“These are the times that try men’s souls.” American revolutionary Thomas Paine’s famous words only months after the Declaration of Independence. The fighting went on for seven years until the Treaty of Paris. Note, we celebrate from the day of intention, not realization, of independence. We are a country that never meets but strives for its ideals. That, I predict, will be for historians the United States’s lasting legacy.
We are at a meaningful juncture. The once somnolent electoral process is alive with interest. Its risks of loosening fear and bias are in measure with its possibilities of shaking established parties from their traditional supports and interests. Manageable today, no one should take these circumstances for granted. Righting the balance between crisis and opportunity must be achieved, not assumed. To do so forces engagement. What would appear at first glance to be the expression of opposites is our task. Listening is critical to this process. Trying to understand deeply what is being said is essential to marking out next steps. And yet so is standing up and stiffening the spine in the face of that which is patently illegal or profoundly ignorant. It is not simply a choice of one mode or the other. Reasonable people must do both.
What is higher education’s role in all of this flux? Not since the anti-Vietnam war and civil rights protests have colleges and universities enjoyed the chance to stand at the forefront. If ever our outreach or service missions held meaning it is in times such as these. Higher education must stand for both free speech and tolerance, expression of ideas and the protection of safe spaces. Moreover, it should demonstrate to U.S., if not global culture, how to accomplish this complex feat. Where better than colleges and universities to model the victory of enlightenment over ignorance? And in the process to show that this effort is neither easy nor without risks. People will thrash about and react. Unkind, thoughtless and even menacing remarks are par for the course. That means it’s touching something that needs to come out. And then be dealt with again, addressed in an on-going process of what it means to listen and understand and to speak.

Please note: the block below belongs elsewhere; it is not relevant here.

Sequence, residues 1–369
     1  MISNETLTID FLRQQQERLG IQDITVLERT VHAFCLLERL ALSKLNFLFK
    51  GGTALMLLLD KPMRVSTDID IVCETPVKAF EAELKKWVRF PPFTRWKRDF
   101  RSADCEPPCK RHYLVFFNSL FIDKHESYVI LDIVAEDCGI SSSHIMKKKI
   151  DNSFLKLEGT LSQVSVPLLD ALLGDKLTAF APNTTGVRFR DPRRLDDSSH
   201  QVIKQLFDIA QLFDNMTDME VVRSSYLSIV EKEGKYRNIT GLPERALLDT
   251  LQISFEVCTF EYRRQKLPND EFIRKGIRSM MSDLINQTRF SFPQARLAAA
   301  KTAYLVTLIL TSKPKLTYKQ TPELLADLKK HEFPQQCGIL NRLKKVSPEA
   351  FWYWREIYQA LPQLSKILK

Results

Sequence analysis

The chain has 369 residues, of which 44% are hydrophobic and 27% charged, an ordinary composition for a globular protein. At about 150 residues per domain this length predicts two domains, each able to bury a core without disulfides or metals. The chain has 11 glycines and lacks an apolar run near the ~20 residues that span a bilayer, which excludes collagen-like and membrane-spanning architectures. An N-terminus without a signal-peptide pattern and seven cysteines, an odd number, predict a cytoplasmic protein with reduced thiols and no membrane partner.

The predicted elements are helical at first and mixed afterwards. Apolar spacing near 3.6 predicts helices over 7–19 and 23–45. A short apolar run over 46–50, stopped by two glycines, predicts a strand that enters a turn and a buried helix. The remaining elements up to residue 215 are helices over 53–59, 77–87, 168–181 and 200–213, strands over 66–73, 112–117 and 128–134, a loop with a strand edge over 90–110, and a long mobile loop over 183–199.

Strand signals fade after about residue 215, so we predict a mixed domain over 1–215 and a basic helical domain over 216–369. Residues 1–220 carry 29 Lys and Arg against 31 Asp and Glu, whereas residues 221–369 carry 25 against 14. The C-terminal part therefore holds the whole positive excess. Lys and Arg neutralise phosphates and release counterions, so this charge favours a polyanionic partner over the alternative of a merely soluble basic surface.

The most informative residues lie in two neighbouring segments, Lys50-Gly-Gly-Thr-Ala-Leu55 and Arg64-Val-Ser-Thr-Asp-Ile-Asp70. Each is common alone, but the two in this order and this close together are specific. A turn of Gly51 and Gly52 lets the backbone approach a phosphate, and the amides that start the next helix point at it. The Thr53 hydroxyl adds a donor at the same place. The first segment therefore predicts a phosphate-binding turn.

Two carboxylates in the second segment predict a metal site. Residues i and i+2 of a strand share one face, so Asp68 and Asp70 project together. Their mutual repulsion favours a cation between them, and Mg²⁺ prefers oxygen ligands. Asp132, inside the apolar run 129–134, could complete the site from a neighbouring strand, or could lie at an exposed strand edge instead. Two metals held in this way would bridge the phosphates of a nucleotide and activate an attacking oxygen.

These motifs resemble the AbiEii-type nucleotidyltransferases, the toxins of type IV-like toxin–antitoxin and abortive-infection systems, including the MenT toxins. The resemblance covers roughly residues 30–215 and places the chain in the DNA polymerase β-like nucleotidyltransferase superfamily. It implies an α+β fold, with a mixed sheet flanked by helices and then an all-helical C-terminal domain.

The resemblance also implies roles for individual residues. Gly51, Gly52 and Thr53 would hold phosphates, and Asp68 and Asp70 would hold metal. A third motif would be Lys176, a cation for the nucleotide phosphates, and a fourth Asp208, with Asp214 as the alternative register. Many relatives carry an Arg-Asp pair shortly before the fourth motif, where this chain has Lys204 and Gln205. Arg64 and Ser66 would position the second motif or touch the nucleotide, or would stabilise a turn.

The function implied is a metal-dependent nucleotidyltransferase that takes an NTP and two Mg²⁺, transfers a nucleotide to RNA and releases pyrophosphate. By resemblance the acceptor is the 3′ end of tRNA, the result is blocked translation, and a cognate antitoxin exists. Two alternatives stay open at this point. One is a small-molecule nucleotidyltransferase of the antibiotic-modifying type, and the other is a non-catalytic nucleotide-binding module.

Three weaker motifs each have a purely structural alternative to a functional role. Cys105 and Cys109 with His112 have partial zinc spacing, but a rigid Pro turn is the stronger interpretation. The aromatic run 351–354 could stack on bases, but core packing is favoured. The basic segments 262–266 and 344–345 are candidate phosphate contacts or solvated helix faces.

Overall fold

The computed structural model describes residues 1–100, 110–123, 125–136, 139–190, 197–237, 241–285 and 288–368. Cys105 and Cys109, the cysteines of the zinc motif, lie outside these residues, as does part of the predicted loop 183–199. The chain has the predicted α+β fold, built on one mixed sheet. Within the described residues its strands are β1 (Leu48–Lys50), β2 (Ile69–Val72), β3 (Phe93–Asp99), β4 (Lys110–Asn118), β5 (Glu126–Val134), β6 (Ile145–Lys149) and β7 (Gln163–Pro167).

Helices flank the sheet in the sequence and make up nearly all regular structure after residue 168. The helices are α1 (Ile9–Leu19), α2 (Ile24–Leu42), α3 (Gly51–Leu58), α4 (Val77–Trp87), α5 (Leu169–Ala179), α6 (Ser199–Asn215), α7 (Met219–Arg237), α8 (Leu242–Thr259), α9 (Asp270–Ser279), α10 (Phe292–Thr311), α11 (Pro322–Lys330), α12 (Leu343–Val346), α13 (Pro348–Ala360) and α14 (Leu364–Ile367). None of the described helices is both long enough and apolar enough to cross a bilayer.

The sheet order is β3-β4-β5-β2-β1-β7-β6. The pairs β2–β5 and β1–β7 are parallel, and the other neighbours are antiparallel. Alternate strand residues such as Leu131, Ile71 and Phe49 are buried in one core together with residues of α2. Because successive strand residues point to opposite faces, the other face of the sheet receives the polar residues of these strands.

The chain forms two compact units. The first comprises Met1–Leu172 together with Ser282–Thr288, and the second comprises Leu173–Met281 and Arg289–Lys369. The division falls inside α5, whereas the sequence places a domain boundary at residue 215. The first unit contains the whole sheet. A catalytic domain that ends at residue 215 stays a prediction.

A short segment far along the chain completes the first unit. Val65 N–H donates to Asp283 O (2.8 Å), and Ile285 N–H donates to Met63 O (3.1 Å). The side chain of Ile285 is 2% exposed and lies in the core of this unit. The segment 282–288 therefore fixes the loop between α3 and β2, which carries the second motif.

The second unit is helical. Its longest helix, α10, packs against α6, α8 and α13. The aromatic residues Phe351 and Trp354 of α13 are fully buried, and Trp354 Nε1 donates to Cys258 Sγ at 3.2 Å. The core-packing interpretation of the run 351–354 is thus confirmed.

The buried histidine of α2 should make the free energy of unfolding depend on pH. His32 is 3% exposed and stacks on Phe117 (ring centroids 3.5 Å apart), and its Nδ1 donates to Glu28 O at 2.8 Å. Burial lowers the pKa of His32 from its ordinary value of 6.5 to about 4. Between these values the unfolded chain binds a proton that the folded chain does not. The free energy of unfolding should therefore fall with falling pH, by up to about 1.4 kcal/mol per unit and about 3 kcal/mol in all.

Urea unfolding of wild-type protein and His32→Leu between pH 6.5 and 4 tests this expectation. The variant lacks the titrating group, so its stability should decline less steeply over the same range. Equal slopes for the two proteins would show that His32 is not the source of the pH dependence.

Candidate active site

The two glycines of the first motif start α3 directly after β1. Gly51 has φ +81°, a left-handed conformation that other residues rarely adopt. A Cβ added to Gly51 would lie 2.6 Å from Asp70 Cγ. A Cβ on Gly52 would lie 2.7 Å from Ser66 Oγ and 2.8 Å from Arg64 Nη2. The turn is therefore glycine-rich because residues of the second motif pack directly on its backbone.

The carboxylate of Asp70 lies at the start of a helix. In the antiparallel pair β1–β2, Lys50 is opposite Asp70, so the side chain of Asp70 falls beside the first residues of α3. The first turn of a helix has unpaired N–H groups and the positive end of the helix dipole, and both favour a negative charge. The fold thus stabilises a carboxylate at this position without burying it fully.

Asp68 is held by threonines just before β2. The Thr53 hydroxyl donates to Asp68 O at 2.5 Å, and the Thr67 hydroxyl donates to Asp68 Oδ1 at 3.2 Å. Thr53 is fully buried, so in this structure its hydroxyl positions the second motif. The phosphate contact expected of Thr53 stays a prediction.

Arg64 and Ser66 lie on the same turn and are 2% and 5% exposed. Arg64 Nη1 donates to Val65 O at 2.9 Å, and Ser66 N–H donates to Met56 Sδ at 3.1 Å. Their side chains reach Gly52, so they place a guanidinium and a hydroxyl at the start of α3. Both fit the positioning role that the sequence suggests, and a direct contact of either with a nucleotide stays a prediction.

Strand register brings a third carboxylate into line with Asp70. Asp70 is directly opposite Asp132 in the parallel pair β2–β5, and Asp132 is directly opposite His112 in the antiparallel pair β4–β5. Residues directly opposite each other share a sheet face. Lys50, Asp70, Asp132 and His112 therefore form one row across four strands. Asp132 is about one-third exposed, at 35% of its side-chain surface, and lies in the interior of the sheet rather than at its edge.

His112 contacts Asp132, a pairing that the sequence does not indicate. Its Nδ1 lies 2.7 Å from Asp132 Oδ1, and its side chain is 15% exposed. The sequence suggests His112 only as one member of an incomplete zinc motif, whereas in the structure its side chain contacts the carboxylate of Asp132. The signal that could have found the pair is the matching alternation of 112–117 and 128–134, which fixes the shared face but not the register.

Emory, North Carolina, Baylor are in the limelight this week. Trump and Sanders will continue to stir the pot while Clinton, for the most part, would appear to wish that they would not. Get out in front presidents and provosts of our esteemed schools, not about the results but to model how best to engage the process. Facilitate an ability to engage the vitality of this season and not fall prey to its bias and ignorance. Higher education will always be home to the pure, narrow research. Of course we must teach. But teach what and research for what? It would be wrong to hide higher education’s light under a bushel at this moment. We need instruction on how to accommodate volatility without sacrifice to the meaningfulness of the content or the importance of the process. To listen, to seek understanding, to speak and to act.
If ever in my adult lifetime I have felt the power of higher education’s potential for leadership, it is now. This country and our colleges and universities desperately require coaching on how to address the issues that currently beset us. Shine that light, existing and future leaders, in the name of our missions and for all of us.
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